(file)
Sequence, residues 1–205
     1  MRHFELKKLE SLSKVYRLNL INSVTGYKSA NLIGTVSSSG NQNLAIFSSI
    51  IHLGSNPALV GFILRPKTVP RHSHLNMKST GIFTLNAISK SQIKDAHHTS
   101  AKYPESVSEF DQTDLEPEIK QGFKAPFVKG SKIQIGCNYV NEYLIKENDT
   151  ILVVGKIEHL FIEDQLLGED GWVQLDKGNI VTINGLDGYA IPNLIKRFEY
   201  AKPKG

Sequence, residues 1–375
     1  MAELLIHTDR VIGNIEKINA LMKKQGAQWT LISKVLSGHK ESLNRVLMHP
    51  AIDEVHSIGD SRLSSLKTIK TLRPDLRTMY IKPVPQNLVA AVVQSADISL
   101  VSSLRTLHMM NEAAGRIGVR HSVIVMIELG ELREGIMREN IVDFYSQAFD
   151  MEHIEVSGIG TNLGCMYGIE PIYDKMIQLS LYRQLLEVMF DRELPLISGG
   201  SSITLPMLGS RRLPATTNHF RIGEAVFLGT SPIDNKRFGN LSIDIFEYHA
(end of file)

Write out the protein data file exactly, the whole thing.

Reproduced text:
Sequence, residues 1–205
     1  MRHFELKKLE SLSKVYRLNL INSVTGYKSA NLIGTVSSSG NQNLAIFSSI
    51  IHLGSNPALV GFILRPKTVP RHSHLNMKST GIFTLNAISK SQIKDAHHTS
   101  AKYPESVSEF DQTDLEPEIK QGFKAPFVKG SKIQIGCNYV NEYLIKENDT
   151  ILVVGKIEHL FIEDQLLGED GWVQLDKGNI VTINGLDGYA IPNLIKRFEY
   201  AKPKG

Sequence, residues 1–375
     1  MAELLIHTDR VIGNIEKINA LMKKQGAQWT LISKVLSGHK ESLNRVLMHP
    51  AIDEVHSIGD SRLSSLKTIK TLRPDLRTMY IKPVPQNLVA AVVQSADISL
   101  VSSLRTLHMM NEAAGRIGVR HSVIVMIELG ELREGIMREN IVDFYSQAFD
   151  MEHIEVSGIG TNLGCMYGIE PIYDKMIQLS LYRQLLEVMF DRELPLISGG
   201  SSITLPMLGS RRLPATTNHF RIGEAVFLGT SPIDNKRFGN LSIDIFEYHA